Think you know Maine? Have you visited all its towns? Far from the beaten path, we bet you didn’t know about this shrinking religious community whose furniture, artwork, and music is revered around the nation.
You’re more likely to focus on the orchards, which climb the slope of the hill and offer a striking foreground visual counterpoint to the yawning, tree-covered plain below than the buildings. At first.
The farmhouse and few related buildings nearby are interesting—well-preserved, even—but not unusual in Maine, where old buildings of a certain size speak to faded farming traditions waiting to fall down.
This is New Gloucester, an averaged-sized town as things go in central Maine, and outside the usual tourism circuit saving for skiers who stop for gas on their way from Portland to the slopes in the western mountains.
It’s here that a centuries-old way of life is dying, and has almost died out entirely. These orchards and farm buildings are the world’s only remaining active Shaker community, which numbers just two.
Established in 1783, the Sabbathday Lake Shaker Village—a religious community clustered around a pious life of religion, pacifism, and work—sprawls out over 1,800 acres, with 17 buildings.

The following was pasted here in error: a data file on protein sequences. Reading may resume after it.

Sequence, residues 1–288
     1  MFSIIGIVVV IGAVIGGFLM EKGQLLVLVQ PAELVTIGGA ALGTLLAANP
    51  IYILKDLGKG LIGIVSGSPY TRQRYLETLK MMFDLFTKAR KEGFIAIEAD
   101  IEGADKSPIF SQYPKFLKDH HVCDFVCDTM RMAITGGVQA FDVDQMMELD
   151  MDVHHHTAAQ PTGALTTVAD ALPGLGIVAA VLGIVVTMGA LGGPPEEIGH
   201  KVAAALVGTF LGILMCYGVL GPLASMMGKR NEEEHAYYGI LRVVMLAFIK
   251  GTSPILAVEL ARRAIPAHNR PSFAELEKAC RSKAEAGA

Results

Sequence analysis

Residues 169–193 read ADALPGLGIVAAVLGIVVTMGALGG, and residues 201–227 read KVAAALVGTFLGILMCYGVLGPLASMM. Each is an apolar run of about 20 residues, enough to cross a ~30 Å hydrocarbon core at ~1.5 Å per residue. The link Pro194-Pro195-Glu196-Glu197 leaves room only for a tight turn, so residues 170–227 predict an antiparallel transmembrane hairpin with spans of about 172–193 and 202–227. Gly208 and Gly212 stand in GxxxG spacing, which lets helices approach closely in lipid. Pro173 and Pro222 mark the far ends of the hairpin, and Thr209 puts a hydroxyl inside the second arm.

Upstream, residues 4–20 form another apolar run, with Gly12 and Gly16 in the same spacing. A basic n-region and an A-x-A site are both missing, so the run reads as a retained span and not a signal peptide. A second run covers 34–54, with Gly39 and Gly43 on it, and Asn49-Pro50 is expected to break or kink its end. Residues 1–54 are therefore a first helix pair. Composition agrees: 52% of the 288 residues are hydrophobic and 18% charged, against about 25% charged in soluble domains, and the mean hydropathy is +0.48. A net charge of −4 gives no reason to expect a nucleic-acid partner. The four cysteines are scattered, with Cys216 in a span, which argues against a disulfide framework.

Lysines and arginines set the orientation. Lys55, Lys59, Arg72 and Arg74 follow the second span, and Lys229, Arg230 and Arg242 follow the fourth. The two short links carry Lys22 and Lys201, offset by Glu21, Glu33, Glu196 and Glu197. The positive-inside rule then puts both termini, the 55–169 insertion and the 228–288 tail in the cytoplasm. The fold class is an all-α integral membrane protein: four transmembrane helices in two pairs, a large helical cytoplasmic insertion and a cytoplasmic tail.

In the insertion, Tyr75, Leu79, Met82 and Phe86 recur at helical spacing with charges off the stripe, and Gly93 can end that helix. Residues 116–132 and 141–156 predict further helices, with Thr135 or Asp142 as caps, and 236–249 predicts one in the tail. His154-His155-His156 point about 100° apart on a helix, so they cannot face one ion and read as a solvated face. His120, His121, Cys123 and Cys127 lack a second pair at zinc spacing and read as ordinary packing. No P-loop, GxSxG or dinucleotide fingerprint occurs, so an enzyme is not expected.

Officially known as the United Society of Believers in Christ’s Second Appearance, Shakers are related to England’s Quackerism, having split off from that movement and settled to North America in the 1700s, fleeing Great Britain to escape religious persecution.
Practicing celibacy, the Shakers community comprises adult converts, and, as a result, their numbers are dependent upon volunteers to a life many would consider austere.
Their days consist of raising Scottish Highland cattle and a herd of sheep, growing vegetables and herbs, and tending to the apple orchard. During the summer, a museum, gift shop, and research library are open.
But the size of the Shakers isn’t to be confused with their influence: they’re also known for their recorded music, agricultural products, and furniture. They’re credited with inventing the flat-bottomed broom and circular saw, among other things.
A Shaker-made bench or chair is considered an heirloom, a piece of furniture of unparalleled craftsmanship to be passed down generation after generation—even if the Shakers themselves won’t be.
Early last year, Sister Frances Carr, one of the last remaining members of the nearly-extinct religious group, died at age 89 after a battle with cancer. She left behind just two other members, Brother Arnold Hadd, who’s 61, and Sister June Carpenter, aged 79.